12. First question. How does a voucher system for private schools undermine public education? Why can’t both do well?

        Second, regarding creation, I don’t think they feel hand-tied. They’d teach evolution even if they could teach creation. But why not teach both creation and evolution and why people believe in each and let the students decide?

        The way I would prefer needy people be helped is not through the government but through the church and other charitable organizations. The closer the relationship is between the helpers and the recipients the more efficient the help will be and the more personable. And there are freeloaders. I am not dismissing that there are legitimate cases, or even that the majority are legitimate. I thought I made that clear.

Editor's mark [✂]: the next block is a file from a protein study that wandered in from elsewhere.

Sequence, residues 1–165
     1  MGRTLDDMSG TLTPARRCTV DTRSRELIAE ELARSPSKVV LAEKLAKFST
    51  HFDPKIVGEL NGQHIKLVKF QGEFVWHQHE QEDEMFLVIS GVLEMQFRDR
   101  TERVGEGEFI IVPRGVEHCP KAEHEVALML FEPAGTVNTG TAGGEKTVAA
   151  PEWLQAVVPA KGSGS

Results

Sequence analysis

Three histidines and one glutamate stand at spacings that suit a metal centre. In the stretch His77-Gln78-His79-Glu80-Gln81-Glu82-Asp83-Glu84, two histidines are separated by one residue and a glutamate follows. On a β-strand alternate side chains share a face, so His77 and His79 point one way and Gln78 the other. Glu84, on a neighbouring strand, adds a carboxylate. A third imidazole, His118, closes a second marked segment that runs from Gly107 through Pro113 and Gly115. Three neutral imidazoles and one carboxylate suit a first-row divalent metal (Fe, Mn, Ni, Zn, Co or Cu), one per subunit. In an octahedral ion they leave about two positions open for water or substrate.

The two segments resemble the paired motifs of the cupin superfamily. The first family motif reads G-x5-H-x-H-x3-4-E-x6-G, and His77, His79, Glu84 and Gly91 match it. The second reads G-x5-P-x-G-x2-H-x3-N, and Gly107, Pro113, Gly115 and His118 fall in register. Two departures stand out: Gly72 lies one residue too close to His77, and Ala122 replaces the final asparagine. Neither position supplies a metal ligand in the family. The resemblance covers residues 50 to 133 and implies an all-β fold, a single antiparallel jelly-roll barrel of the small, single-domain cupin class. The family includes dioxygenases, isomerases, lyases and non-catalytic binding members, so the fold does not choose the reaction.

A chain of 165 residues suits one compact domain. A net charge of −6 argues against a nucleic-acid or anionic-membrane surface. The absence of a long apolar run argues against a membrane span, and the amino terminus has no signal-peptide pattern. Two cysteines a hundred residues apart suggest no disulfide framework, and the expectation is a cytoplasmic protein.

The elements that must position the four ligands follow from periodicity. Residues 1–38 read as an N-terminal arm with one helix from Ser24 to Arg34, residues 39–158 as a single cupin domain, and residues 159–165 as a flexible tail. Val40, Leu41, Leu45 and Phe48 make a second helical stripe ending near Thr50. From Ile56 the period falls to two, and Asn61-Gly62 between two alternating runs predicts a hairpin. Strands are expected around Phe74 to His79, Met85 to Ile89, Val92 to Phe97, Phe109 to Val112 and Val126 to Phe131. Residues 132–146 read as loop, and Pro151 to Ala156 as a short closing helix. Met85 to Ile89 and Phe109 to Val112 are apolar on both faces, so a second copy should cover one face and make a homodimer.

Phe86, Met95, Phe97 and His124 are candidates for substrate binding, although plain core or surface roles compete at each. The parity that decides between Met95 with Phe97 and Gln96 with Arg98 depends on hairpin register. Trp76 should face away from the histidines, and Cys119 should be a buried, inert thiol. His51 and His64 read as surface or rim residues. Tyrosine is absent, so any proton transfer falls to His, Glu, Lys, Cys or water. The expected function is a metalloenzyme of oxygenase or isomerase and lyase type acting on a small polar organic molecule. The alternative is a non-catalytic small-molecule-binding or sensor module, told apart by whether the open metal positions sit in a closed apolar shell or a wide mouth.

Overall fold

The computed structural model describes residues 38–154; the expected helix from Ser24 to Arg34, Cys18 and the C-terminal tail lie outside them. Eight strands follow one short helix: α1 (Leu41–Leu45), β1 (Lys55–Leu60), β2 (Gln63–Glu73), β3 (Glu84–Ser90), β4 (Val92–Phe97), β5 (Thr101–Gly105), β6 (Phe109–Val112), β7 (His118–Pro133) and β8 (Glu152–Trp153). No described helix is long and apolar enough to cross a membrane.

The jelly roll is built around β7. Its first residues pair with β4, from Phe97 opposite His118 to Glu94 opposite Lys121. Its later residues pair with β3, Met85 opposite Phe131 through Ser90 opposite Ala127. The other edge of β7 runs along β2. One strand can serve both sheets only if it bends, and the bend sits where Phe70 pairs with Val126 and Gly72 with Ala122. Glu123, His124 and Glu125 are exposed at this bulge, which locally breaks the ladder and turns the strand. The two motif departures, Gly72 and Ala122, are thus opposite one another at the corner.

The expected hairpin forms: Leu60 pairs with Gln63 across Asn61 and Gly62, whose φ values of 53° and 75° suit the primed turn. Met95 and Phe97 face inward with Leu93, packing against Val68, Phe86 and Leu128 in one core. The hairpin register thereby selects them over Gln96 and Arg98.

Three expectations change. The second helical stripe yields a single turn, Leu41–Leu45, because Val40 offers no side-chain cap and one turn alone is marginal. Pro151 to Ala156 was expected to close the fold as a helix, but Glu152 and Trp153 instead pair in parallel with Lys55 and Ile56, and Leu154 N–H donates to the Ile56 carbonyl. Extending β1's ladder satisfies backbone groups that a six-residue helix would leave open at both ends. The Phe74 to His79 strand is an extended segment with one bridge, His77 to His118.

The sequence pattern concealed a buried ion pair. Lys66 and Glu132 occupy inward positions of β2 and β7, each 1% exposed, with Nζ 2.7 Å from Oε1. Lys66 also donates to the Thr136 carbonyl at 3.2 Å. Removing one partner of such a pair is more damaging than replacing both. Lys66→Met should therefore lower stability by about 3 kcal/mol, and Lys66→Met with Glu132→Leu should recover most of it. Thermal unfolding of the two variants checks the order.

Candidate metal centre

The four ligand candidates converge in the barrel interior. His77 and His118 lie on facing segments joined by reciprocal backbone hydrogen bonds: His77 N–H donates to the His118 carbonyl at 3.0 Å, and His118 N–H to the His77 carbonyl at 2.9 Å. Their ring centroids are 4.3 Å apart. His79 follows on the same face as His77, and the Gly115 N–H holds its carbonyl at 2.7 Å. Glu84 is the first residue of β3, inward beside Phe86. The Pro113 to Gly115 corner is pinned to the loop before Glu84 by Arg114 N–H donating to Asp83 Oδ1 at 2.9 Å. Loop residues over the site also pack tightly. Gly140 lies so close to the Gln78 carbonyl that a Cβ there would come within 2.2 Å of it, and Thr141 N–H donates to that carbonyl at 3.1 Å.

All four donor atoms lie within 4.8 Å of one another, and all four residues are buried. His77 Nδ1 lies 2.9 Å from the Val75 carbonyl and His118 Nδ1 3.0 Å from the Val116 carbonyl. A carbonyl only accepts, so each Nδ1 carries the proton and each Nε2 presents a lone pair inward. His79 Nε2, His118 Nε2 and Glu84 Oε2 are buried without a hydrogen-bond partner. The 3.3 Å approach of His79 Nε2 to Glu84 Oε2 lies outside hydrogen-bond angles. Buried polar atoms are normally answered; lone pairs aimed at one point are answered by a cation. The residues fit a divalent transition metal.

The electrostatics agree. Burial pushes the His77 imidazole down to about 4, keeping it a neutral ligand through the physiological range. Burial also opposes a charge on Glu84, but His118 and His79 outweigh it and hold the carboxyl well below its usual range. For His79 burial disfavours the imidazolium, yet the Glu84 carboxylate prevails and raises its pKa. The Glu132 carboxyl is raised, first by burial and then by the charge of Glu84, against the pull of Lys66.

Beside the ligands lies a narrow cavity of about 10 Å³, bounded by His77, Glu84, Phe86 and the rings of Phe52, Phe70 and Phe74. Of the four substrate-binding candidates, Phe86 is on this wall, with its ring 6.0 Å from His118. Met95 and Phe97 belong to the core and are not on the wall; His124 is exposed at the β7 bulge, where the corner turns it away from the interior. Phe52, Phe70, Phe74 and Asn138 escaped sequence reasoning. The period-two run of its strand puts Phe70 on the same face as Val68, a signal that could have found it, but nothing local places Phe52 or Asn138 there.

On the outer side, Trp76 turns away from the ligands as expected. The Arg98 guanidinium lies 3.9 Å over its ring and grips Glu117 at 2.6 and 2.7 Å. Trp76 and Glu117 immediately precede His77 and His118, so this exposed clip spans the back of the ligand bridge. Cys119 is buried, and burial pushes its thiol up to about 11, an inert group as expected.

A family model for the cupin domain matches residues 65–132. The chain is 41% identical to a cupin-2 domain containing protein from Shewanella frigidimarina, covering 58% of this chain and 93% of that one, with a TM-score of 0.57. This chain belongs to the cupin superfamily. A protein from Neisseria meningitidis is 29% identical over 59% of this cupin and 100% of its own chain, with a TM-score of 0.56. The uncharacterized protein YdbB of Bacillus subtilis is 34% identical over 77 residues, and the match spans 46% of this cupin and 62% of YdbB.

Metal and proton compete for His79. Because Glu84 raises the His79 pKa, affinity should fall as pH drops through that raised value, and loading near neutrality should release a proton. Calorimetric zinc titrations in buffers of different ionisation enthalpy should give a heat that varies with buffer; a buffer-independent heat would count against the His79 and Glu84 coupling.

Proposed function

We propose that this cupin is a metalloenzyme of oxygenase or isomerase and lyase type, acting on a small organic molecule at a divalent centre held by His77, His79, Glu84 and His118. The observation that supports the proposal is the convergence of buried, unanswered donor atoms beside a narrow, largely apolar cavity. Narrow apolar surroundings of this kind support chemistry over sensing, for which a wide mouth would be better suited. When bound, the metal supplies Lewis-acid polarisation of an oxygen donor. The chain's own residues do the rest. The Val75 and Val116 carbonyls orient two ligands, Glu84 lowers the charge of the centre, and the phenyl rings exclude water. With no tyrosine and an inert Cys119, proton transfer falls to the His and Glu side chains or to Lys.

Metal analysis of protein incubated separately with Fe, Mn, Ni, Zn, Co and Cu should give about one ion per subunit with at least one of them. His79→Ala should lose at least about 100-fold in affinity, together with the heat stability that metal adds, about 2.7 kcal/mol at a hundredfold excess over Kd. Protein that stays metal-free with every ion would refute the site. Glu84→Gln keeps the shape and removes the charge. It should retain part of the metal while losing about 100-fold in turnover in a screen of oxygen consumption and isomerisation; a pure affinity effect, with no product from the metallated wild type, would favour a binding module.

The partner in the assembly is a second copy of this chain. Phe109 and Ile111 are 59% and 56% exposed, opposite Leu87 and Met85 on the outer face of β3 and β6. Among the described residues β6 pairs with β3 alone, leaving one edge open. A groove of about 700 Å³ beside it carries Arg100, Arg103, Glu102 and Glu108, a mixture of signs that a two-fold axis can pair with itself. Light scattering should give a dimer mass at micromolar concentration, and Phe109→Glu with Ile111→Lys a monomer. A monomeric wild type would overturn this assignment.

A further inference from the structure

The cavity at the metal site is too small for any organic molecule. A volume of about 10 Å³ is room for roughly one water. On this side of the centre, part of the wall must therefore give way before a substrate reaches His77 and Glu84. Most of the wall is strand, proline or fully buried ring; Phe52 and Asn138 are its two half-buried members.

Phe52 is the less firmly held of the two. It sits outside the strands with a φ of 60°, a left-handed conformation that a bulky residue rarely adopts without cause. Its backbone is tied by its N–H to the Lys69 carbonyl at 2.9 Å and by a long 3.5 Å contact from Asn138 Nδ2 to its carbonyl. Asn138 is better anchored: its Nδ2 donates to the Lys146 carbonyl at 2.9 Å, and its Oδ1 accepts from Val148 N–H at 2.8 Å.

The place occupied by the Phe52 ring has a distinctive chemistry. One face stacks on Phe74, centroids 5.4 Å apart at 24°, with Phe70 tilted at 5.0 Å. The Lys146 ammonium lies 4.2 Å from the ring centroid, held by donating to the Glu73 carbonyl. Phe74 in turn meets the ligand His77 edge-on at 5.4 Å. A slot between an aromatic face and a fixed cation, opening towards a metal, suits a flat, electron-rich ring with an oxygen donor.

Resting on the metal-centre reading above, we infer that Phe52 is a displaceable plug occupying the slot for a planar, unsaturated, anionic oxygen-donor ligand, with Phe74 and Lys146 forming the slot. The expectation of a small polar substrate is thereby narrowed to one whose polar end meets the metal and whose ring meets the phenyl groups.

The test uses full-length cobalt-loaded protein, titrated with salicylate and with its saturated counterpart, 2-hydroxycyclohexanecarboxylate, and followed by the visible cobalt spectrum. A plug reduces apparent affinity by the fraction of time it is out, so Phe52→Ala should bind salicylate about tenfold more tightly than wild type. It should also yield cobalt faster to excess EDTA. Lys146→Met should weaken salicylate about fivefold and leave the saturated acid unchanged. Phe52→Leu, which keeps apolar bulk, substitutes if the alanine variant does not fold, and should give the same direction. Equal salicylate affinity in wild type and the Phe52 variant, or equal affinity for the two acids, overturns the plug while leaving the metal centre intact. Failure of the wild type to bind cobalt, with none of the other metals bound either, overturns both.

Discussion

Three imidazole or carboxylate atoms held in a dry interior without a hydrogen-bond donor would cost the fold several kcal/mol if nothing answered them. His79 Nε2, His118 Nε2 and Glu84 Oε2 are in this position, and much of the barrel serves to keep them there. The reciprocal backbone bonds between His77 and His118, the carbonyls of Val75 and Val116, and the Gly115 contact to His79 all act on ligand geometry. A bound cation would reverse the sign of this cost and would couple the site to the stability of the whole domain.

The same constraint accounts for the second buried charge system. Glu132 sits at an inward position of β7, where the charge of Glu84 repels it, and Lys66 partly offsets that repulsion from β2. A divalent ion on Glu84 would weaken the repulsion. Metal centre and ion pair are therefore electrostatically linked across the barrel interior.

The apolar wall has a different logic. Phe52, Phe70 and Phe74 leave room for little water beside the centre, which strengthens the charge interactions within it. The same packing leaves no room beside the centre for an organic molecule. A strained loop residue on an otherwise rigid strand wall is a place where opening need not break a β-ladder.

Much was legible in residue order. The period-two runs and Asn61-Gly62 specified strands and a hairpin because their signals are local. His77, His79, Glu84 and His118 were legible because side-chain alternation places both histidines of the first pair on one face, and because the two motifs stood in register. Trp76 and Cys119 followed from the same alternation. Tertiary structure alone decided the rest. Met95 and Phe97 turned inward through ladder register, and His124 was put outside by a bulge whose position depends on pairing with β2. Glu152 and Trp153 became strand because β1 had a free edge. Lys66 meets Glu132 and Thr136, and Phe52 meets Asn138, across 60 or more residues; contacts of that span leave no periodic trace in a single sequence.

Back to the police brutality, the bottom line there is I do not see near as big a problem as is painted in the media. I’m not saying none exists, but I don’t think there is an epidemic going on. When cases occur they need to be dealt with, and discipline given. But there is no need for a widespread fear of law enforcement. They put their lives on the line for us and deserve respect. What the left does is scour around looking for these isolated instances and magnify them into a picture of a large scale wave when none exists. You are right that the cases of looting and violent protests are isolated as well, but so are the real cases of police brutality. Just an observation for both of us. We disagree on the varying effects of certain things but when either of us say something is overblown we are not saying it doesn’t exist. I make that assumption sometimes also.